To confirm the AAV injection was correctly localized in the thalamic intralaminar nuclei, following preparation of the slices for recording, the remainder of the brain, containing thalamus, was immersion fixed overnight in 4% paraformaldehyde and 15% saturated picric acid in 0.1 m phosphate buffer (PB; pH 7.4) at 4°C. After washes, the brain blocks were resectioned at 50 μm on a vibrating microtome (VT1000S; Leica Microsystems). The sections were incubated in 20% NDS (Vector Laboratories) for 45 min at room temperature. A subset of sections was heated at 80°C in 10 mm sodium citrate (pH 6.0) for approximately 30 min prior to incubation with 1:2500 rabbit-anti-cerebellin-1 (Wei et al. 2007) In all sections YFP was visualised by immunolabelling using 1:1000 chicken-anti-GFP (Aves Labs) in PBS-Tx and 1% NDS overnight at 4°C followed by 1:500 donkey-anti-chicken-488 fluophore (Jackson Immunoresearch Laboratories), and in a subset of sections, 1:500 donkey-anti-rabbit-Cy3 fluophore (Jackson Immunoresearch Laboratories), in PBS-Tx for 2 h at room temperature. To facilitate anatomical characterization, the sections were incubated for 30 min in a 1:200 Nissl-Cy5 stain (Neurotrace, Invitrogen). Finally, all sections were mounted in Vectashield (Vector Laboratories) and images were captured with a LSM 710 (Zeiss, Göttingen, Germany) confocal microscope using ZEN and Axiovision software (Zeiss, Göttingen, Germany). The software's default settings for fluorophores were used for beamsplitters and ranges of emissions sampled.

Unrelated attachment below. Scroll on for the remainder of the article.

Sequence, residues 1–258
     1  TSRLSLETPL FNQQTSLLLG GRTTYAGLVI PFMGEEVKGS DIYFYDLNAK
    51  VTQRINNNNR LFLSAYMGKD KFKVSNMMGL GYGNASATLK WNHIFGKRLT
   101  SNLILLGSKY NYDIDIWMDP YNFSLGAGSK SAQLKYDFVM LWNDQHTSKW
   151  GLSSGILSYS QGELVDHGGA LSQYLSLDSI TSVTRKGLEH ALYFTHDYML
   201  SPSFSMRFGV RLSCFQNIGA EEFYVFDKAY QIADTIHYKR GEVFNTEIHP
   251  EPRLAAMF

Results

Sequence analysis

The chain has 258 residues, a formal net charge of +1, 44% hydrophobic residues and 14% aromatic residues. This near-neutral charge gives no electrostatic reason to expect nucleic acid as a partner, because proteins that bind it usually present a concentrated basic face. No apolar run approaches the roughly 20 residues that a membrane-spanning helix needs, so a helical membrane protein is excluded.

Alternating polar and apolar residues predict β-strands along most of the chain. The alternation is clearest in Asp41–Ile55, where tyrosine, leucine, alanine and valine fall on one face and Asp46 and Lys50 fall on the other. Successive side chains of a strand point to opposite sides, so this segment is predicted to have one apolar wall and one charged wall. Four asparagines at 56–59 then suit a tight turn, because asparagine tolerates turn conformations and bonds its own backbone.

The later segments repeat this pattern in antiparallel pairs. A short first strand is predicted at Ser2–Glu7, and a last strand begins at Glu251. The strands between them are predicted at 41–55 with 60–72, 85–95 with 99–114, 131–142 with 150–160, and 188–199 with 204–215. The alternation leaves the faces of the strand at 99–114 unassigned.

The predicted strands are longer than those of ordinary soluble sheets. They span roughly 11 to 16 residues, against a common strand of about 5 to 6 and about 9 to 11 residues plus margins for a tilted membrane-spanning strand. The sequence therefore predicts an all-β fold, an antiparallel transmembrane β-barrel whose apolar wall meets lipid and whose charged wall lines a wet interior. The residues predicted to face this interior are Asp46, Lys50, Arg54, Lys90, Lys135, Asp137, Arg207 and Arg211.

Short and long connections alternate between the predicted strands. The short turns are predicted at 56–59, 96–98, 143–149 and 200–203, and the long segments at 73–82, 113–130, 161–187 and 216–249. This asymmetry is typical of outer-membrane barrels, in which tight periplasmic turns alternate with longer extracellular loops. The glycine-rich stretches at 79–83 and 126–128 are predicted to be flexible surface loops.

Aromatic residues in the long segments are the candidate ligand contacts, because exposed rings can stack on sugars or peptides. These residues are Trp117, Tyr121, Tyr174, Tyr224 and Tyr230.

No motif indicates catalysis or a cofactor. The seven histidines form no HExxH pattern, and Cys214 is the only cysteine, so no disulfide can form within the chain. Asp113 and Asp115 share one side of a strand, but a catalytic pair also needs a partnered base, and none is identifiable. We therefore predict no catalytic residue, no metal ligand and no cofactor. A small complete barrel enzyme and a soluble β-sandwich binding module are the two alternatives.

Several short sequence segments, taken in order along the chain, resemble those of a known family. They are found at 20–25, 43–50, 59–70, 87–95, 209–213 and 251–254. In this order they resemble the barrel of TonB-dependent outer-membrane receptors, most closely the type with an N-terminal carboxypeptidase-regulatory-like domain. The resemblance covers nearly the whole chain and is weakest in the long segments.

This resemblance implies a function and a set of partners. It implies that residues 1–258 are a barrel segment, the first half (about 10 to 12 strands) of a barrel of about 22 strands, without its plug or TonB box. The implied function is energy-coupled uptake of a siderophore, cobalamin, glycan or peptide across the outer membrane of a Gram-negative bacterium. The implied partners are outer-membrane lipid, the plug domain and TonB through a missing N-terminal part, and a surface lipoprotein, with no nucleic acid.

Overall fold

All data are presented as means ± SEM, except where stated. Student's t test, Wilcoxon's signed-rank test and the Mann–Whitney U test were performed using SPSS 17.0 (*P < 0.05, **P < 0.01).